Blueberries and their cousins (huckleberries, cranberries, and lingonberries) belong to the genus Vaccinium and are native to North America and Eastern Asia. There are dozens of varieties including the tiny, wild berries grown mostly in Maine that are flavorful, but hard to pick and hard to come by if you can get them at all. More common, especially in home gardens, is the Northern highbush blueberry (V. corumbosum)that is grown across the northern US and Canada. Other varieties have been hybridized for cultivation in the south such as the Southern highbush and "rabbiteye" blueberry.
Either way, blueberries are an attractive shrub that provide year around interest. Many varieties have pretty, small umbel-shaped flower clusters in the spring, and berries and lush green foliage in the summer. In the autumn, deciduous varieties display a riot of colorful red and orange leaves. The handfuls of flavorful blueberries you pluck fresh in July for pancakes or cereal are the biggest bonus.
Blueberries aren't difficult to grow. They can make a pleasant living fence between neighbors, or be planted in rows or clusters anywhere in the yard. Highbush blueberries have an upright habit and grow to a height of about 6 feet and about 5–6 feet wide, which makes them easy to maintain and harvest.
For an interesting map showing the distribution of various types of blueberry, see the USDA page. This provides a good idea of where each type of blueberry or kin grows in different regions of the county.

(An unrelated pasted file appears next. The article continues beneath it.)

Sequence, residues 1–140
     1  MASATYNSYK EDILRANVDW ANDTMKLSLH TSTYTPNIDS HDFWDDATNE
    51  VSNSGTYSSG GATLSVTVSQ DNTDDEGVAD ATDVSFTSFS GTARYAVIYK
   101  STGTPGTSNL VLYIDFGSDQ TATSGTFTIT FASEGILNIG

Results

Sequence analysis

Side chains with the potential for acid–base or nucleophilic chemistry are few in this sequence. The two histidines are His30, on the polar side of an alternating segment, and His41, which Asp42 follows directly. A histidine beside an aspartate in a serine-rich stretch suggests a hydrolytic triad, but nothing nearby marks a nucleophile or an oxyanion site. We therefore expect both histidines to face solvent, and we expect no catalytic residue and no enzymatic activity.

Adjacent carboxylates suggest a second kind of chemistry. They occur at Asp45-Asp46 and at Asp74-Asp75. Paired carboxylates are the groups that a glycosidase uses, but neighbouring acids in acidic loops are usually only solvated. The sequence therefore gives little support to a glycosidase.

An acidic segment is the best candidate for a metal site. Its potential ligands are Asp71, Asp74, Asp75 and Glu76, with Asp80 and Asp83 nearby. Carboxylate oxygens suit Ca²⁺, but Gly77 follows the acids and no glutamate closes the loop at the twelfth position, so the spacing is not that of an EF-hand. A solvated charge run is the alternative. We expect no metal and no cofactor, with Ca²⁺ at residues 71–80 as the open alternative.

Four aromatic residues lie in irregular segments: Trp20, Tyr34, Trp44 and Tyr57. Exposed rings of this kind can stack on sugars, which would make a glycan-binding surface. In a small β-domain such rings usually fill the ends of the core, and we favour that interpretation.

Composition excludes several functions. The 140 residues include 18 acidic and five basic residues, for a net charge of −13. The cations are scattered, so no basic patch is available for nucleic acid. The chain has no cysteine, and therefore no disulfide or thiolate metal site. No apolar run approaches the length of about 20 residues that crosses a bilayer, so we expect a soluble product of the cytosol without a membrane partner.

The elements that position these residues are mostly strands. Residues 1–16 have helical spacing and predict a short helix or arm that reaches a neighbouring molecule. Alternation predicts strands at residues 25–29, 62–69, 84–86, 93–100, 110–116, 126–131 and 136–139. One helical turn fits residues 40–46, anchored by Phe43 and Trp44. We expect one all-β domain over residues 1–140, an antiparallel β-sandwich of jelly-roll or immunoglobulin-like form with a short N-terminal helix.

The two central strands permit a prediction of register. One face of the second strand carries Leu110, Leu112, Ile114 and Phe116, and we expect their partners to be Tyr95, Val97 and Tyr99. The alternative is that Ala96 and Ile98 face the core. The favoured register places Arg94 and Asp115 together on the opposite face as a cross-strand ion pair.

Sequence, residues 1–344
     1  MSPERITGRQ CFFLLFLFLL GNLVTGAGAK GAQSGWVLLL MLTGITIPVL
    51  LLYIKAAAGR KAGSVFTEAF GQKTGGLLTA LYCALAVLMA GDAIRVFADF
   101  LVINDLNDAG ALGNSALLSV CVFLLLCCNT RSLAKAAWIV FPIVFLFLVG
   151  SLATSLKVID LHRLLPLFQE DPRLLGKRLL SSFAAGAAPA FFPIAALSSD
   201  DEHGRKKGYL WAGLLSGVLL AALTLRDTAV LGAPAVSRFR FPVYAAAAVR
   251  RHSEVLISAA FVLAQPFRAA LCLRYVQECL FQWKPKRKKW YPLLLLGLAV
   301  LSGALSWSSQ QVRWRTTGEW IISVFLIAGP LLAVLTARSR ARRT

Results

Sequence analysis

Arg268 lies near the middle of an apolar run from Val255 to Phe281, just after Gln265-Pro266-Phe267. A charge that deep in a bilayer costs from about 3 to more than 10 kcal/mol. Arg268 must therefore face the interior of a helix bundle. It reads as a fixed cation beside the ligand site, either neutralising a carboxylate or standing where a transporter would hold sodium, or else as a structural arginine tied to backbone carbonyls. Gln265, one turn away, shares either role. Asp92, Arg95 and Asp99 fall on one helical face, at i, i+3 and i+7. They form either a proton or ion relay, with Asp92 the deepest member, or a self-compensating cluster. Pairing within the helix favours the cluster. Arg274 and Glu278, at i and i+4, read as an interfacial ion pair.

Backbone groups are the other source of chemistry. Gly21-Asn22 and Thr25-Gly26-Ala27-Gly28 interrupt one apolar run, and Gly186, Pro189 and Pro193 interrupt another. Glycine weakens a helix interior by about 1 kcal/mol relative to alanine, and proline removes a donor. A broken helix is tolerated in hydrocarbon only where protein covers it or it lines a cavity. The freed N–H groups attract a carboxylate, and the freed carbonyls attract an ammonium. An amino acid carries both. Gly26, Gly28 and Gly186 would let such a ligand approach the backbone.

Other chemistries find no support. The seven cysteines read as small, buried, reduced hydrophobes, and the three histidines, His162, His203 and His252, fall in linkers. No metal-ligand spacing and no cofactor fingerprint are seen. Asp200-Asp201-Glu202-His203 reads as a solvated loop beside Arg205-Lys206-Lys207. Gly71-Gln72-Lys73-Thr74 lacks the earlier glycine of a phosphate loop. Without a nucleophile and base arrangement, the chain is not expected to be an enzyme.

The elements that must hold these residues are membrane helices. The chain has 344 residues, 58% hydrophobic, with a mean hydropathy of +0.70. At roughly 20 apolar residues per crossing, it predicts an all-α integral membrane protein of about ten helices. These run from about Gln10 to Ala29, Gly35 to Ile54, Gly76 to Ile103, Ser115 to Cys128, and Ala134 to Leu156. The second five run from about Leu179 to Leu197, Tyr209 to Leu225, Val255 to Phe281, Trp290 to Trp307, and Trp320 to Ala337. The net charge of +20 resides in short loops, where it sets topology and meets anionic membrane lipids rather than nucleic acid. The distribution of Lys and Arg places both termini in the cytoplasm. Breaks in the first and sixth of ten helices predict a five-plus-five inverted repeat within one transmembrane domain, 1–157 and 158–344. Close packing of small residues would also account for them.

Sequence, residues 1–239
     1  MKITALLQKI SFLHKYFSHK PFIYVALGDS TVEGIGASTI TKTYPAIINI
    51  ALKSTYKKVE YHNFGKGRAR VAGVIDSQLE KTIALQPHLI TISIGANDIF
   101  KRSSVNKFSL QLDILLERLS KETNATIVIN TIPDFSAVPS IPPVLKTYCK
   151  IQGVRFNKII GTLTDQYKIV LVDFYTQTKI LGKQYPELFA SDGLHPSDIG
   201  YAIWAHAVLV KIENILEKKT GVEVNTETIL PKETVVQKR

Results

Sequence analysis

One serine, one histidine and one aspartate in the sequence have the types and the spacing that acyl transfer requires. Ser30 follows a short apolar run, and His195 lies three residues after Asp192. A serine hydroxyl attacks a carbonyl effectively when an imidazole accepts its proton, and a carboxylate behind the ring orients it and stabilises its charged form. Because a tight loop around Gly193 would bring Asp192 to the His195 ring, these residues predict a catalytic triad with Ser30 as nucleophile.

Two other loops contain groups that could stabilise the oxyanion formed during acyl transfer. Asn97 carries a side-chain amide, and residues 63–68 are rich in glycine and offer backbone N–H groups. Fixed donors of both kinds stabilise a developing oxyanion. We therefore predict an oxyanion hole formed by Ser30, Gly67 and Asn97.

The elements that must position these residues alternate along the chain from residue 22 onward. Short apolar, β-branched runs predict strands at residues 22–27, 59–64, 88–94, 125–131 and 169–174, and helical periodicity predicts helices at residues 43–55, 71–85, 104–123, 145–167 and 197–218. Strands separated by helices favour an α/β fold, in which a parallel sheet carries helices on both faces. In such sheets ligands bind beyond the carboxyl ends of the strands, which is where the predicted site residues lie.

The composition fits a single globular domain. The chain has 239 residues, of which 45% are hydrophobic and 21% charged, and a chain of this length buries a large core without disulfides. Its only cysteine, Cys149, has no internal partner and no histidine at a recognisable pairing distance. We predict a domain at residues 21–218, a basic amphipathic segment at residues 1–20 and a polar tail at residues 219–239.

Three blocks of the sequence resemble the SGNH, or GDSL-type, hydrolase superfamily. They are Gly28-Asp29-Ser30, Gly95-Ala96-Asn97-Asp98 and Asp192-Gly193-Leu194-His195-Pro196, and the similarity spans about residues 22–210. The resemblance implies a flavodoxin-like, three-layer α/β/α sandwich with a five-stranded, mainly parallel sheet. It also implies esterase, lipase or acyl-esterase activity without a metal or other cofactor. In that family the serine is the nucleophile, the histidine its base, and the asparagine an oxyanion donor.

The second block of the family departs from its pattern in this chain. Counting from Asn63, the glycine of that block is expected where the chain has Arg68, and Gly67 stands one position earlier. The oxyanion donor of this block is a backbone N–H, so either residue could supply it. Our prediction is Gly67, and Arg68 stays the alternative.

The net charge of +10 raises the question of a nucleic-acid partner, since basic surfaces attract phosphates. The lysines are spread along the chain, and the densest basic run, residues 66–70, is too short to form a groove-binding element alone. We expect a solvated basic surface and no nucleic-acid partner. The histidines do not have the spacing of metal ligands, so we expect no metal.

Various species fare better in the climates to which they are adapted. When choosing a blueberry, check with your local nursery or county extension service for recommendations on the types that do best in your area. Nevertheless, don't hesitate to try a different species. You may find it does just fine.
Blueberries planted in acidic (pH 4.5–5.0), well-drained, loamy soil, amended and mulched with compost, and located in a sunny spot grow easily and well with little fuss. Regular, even watering keeps the plant healthy and vigorous.
If your soil is on the limey side, it needs to be amended to reduce the pH. In this case, prepare beds for your blueberries in the fall. Test the soil and add amendments as needed. Clay soils can be amended with peat and sand dug in to improve drainage. High pH soils (limey) may need extra sulphur to decrease pH. Once you've worked the beds, let them rest over the winter. Retest soil in the spring for pH and amend further if needed.
Peat moss, pine bark, and pine needles can be used to organically reduce pH. In areas where the soil pH is naturally high, it's necessary to continuously amend the soil to maintain the high acidity needed. (If you use peat moss when planting, make sure it's wet, otherwise it draws moisture away from the plant, which could suffer.) Some gardeners get fir sawdust and pile six inches or more around the base of their bushes to keep the soil acidic.
One of the compelling reasons for growing blueberries is the fruit. Blueberry plants are very productive; you can expect most if not all of the flowers turning into berries as long was they are adequately pollinated. Bees are the industrious source of this magical process, so facilitate their efforts by removing competing flowers like dandelions but provide nearby native plantings for wild bees to nest. Bumblebees and hived honeybees are also efficient pollinators. Pollination is also conducted by a variety of other insects, so it's important to NEVER use insecticides during bloom. (It's better to eschew insecticides entirely and find a biological solution instead.)